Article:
Edmondson becomes the third opponent of Stitt to take aim at the Norman High School graduate’s mortgage company. In the Republican primary, Tulsa attorney Gary Richardson launched a website calling Stitt “shady,” and former Oklahoma City Mayor Mick Cornett similarly criticized Stitt in the GOP runoff election.
The “Shady Kevin” website — which no longer exists — specifically drew its name from a 2009 Business Insider article that lists Gateway Mortgage Group as one of “the 15 shadiest mortgage lenders being backed by the government.” The article claims that, at the time, Gateway Mortgage had “98 percent more defaults” than its peer companies.
But so far in Oklahoma’s gubernatorial race, Kevin Stitt’s congeniality, political outsider status and renowned salesmanship have helped him brush off attacks against his company’s reputation. In a political climate where Oklahoma education issues poll as the electorate’s primary concern, Gateway Mortgage’s regulatory hand-slaps and lending practices appear — at most — tangentially connected to the candidate’s electoral profile.
To that end, Stitt has confronted discussions of his company directly, talking confidently about being “super proud” of his employees and the empire he has built.
On May 2, Stitt appeared as a guest on conservative radio host Pat Campbell’s show to rebut Richardson’s “Shady Kevin” website. He answered numerous questions from Campbell, spoke confidently about being a leader in the private sector and called the criticisms of Gateway Mortgage “typical politics” from “people who have never signed a paycheck.”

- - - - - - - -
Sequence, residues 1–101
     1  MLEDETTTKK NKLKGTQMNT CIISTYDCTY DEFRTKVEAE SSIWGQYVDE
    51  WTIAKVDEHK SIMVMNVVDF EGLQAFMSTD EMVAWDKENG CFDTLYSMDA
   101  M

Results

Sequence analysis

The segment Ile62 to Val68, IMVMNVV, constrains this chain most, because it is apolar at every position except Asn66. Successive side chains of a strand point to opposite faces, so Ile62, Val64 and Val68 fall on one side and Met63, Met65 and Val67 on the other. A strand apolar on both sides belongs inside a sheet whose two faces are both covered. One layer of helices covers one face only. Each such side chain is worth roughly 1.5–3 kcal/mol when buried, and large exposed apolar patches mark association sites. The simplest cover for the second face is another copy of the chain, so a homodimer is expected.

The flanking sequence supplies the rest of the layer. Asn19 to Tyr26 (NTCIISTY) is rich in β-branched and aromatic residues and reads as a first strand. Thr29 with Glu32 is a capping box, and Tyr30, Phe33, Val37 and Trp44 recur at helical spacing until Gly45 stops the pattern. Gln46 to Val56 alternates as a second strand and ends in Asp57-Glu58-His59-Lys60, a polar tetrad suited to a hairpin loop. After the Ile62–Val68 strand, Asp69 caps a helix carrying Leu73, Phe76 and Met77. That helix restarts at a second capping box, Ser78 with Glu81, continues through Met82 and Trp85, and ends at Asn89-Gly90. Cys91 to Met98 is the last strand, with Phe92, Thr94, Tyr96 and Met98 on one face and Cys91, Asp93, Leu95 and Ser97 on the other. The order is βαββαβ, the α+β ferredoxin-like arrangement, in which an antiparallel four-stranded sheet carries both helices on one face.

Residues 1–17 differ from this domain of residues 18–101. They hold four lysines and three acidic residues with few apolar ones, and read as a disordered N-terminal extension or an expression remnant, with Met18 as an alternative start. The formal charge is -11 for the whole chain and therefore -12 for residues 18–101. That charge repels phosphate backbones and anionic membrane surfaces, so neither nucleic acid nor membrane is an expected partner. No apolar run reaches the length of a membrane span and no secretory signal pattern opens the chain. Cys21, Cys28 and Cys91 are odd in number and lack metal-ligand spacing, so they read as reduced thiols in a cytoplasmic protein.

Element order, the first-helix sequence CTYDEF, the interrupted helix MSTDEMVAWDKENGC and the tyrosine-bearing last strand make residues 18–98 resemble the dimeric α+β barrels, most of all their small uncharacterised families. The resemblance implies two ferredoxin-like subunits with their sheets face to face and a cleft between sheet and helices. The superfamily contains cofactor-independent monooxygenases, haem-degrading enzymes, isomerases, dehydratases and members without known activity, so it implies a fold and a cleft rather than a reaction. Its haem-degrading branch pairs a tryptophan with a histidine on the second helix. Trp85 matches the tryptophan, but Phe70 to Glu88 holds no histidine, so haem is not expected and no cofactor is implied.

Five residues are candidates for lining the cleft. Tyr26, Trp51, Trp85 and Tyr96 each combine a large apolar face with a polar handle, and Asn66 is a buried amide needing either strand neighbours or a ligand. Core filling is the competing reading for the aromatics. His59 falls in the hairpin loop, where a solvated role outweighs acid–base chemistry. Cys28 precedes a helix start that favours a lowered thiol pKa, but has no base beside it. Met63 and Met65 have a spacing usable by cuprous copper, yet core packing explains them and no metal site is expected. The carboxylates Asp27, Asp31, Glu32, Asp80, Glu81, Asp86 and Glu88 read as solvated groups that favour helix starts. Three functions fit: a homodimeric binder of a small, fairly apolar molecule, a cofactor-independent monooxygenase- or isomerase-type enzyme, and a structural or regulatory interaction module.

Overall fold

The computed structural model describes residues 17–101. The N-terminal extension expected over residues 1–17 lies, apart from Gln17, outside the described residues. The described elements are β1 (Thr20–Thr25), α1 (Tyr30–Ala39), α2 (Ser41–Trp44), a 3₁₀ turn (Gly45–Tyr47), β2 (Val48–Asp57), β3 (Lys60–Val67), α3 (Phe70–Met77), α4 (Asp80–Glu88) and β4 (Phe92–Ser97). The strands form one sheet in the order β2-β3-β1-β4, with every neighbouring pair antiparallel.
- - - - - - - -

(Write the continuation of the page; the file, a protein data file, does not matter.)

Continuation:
In August during the GOP runoff, Stitt held an impromptu press gathering at H&H Gun Range to address the ads attacking him. Stitt noted how Gateway Mortgage Group has grown and adapted in the decade since the financial crisis that caused millions of Americans to have homes foreclosed upon.
“We offered all different types of mortgages: Fanny Mae, Freddie Mac, FHA, VA loans,” Stitt said of his company, which he launched in 2000. “So the business has changed a lot over 18 years. You know, regulations change, but now we’re a servicer. We were much smaller back then. Now we actually service. We don’t sell any of our loans off. We actually service. We are one of the largest servicers in the country, so you’re a customer for life with Gateway at this point. We create securities and service loans all over the country. Over $18 billion in home loans.”
Stitt’s comments at the gun-range press conference came two days after Gateway Mortgage announced it would be expanding its business operations even further by purchasing Farmers Exchange Bank, which has locations in Cherokee, Helena, Wakita, Nash and Tonkawa. In its announcement, Gateway Mortgage said the merger is expected to make the bank one of Oklahoma’s five largest. Gateway Mortgage is owned in its entirety by the Stitt Family Trusts.
Stitt and Edmondson also face Libertarian gubernatorial candidate Chris Powell on the November ballot. Oklahomans have until Oct. 12 to register to vote in the state’s Nov. 6 general election.
Shortly after Edmondson’s press release was received, NonDoc requested a phone interview with Edmondson. This story will be updated with further comments, if they become available.
(Update: This story was updated at 5:23 p.m. Tuesday, Oct. 2, to include comment from Donelle Harder.)